14 Places to Visit in Montana for Thrills, Chills and Plenty of Hills

Kimberly Miles Avatar
Mountains and lakes abound in Glacier National Park.
Mountains and lakes abound in Glacier National Park. Photo credit: Melody Pittman

From ghost towns and glistening glaciers to majestic mountains and gushing geysers, Big Sky Country leaves no stone unturned when it comes to bucket list sites and adrenaline-pumping adventure. Whether you’re visiting with family, friends or vacationing solo, here’s how to make sure your itinerary is packed with all of the “good stuff”. 

Montana is home to the first national park in the nation, the world’s most famous geyser, some of the best ski resorts and even a town with a population of just 12 people! Perhaps what makes Montana even more interesting is its rich culture and past history, numerous outdoor recreational opportunities, good eats and postcard-worthy views. With all that Big Sky Country has to offer, it’ll be difficult to decide exactly where and how to spend your time there. But with our list of the best places to visit in Montana, you’ll be on your way to taking in the best views and seeing all of the can’t-miss hot spots in no time.

Read More: Best Bozeman Hotels to Make the Most of Your Montana Vacation

 Lark Hotel in downtown Bozeman
The ice cream shop at the Lark Hotel in downtown Bozeman is a sweet way to wind down after a busy day. Photo credit: Sarah Ricks

1. Bozeman

Located in southern Montana, Bozeman has an historic, walkable and thriving downtown area. Its Main Street is filled with fun shops and restaurants as well as live music, theater and frequent events. Or hop on an ATV and adventure deep into the National Forest road system for gorgeous mountain views.

For something a little more low key, the Museum of the Rockies in Bozeman is a fascinating and popular site to see. In addition to being filled with dinosaurs discovered in the region, its many exhibits and artifacts display just how Montana’s European and Native Americans lived. The Tinsley House just outside of the main building is a living house museum with costumed 19th-century homesteaders that will teach you how to  weave on a loom!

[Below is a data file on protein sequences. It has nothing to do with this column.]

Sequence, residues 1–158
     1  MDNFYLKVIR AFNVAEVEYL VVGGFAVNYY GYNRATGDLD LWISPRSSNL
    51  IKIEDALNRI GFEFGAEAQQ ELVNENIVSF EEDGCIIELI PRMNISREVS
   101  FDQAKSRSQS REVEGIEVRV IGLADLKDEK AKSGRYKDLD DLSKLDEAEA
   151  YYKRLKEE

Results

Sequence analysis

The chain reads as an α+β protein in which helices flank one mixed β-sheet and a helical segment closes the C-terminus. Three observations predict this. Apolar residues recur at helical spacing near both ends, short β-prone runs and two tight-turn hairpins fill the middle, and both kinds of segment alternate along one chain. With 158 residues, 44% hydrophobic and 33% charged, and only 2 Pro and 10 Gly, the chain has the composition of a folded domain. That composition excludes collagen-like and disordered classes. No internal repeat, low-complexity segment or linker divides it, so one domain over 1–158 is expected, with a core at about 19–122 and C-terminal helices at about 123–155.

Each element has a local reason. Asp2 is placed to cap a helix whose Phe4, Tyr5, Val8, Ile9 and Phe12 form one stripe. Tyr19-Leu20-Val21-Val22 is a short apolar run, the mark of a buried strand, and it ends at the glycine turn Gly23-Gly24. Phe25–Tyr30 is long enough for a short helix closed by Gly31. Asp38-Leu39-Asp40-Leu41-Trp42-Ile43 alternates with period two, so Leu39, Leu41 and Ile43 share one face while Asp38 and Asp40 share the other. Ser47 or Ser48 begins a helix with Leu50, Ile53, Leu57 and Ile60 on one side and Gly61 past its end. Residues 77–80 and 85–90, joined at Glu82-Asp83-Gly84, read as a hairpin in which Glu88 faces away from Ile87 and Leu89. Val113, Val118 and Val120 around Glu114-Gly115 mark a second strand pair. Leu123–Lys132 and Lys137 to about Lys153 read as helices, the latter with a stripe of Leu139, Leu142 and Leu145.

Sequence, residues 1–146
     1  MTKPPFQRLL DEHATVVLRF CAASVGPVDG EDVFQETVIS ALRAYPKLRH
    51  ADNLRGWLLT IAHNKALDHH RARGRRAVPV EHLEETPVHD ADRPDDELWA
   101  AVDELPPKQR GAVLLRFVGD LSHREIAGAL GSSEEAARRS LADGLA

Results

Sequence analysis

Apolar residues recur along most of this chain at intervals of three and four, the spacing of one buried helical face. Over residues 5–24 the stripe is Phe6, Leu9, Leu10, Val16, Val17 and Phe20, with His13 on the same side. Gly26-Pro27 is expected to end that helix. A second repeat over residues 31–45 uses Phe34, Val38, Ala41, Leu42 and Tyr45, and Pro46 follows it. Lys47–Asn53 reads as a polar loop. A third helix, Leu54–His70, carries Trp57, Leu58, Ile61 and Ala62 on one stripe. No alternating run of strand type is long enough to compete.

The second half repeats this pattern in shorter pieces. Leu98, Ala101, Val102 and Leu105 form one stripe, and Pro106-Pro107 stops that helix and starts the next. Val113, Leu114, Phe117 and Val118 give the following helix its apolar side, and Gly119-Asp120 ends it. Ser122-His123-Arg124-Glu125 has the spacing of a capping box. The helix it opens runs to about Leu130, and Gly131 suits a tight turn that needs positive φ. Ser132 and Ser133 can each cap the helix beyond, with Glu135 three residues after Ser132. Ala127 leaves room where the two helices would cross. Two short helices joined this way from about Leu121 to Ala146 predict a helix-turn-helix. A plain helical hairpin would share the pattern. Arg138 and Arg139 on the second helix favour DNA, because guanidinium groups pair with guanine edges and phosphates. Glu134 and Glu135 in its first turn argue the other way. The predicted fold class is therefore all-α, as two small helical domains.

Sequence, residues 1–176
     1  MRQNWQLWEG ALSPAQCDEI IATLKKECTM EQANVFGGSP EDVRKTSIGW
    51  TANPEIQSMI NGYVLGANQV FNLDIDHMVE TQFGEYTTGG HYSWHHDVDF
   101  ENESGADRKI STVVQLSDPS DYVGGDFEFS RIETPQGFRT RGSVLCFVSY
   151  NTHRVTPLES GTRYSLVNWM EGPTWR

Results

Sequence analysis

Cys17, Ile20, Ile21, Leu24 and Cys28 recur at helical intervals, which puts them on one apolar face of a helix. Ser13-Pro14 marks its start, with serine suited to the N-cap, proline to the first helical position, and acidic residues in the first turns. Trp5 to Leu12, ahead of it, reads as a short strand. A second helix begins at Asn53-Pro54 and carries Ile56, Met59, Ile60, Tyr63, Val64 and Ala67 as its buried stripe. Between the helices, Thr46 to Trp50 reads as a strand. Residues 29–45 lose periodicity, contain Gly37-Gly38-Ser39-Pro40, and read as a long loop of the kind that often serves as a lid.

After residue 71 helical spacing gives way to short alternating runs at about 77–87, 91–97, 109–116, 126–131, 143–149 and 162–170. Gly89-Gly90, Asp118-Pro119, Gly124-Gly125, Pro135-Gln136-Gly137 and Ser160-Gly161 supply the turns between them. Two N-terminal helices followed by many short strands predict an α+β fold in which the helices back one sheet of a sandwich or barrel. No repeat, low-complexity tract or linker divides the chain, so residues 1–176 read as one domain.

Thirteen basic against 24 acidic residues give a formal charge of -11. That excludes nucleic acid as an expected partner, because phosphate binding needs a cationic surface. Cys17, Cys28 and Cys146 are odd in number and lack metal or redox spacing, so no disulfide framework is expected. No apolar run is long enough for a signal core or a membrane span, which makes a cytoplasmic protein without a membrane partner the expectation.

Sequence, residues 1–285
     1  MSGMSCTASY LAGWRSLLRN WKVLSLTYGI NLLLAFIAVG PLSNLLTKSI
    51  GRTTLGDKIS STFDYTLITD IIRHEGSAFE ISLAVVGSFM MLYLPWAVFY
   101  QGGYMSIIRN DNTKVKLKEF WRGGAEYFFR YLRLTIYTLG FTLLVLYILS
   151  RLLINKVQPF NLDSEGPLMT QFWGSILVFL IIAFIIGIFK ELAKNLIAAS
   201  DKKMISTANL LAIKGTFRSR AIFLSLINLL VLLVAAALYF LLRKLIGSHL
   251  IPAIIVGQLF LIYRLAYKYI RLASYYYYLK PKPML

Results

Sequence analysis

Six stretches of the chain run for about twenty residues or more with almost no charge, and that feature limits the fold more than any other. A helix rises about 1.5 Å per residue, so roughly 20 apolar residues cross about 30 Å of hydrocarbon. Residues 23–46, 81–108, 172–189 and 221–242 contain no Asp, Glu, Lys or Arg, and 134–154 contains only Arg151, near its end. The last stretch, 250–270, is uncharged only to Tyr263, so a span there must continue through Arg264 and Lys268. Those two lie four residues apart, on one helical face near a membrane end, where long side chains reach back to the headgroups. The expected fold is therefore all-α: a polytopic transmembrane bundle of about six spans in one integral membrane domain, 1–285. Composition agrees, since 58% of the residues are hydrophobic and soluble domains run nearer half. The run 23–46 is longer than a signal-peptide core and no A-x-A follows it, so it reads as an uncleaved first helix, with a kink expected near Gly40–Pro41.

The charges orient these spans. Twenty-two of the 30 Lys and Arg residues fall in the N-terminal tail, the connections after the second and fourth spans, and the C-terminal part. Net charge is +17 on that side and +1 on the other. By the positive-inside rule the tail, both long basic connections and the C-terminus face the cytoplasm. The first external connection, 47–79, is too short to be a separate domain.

Read More: Land of the Dinosaurs: Fun Things to Do in Sweetwater County WY

2. Big Sky

Big Sky is located in the Rocky Mountains of southern Montana and is one of the best places to visit in Montana for adventurous outdoor recreation, especially for skiing.

Big Sky is also known for Big Sky Resort, also known as the “Biggest Skiing in America.”  With nearly 6,000 acres of skiiable terrain and steep, rugged descents, it is one of the best places to visit in Montana for thrill seeking ski lovers, snowboarders or mountain bikers looking for a bucket list challenge. But even if you’re not an expert, there is still plenty of beginner and intermediate terrain to perfect your technique. Hiking, ziplining and world-class golf are also features of the resort.

To the northeast of Big Sky, you’ll find the Gallatin River cutting through the Beartooth mountains and rugged Gallatin Canyon. A short drive away is Ousel Falls Park, offering a beautiful waterfall, picnic areas and scenic viewpoints. Yellowstone National Park sits just southeast of Big Sky.

SheBuysTravel Tip: If you’re heading to Montana in the winter, try one of these Montana ski resorts where the season is long and the snow is deep.

 Horse Butte Lookout Trail near West Yellowstone.
Hiking Horse Butte Lookout Trail near West Yellowstone. Photo credit: Sarah Ricks

3. West Yellowstone

Located in southern Montana, West Yellowstone is mostly known for the Old Faithful Geyser and the Grand Canyon of the Yellowstone. However, this big town packs much more to do and see for all ages.

In the historic Union Pacific Depot of West Yellowstone, the Yellowstone Historic Center uses photos, antique vehicles, ranger talks and films to explain Yellowstone Park history. If you’re feeling active, there are plenty of opportunities to do some hiking.

SheBuysTravel Tip: Sarah Ricks hiked the 4-mile round trip to Horse Butte Lookout with her family while enjoying views of Hebgen Lake and Henry’s Lake Mountains the whole time. However, while she recommends the hike for teens and tweens, she advises that it would be too difficult of a climb for younger kids.

Places to see in West Yellowstone:

the melting rocks of Mammoth Hot Springs at Yellowstone National Park
The melting rocks of Mammoth Hot Springs at Yellowstone National Park. Photo credit: Cindy Richards

Yellowstone National Park

Although Yellowstone National Park’s 3,500 square mile grounds stretch across three states (96% Wyoming, 3% Montana and 1% Idaho), it is still one of the most visited sites in the state of Montana, and for good reason. It is a national treasure and the best place to visit in Montana for unparalleled beauty and wildlife, filled with bison, bears, bighorn sheep, gushing geysers, soaring lodgepole pines, melting rocks, hot springs and dramatic canyons.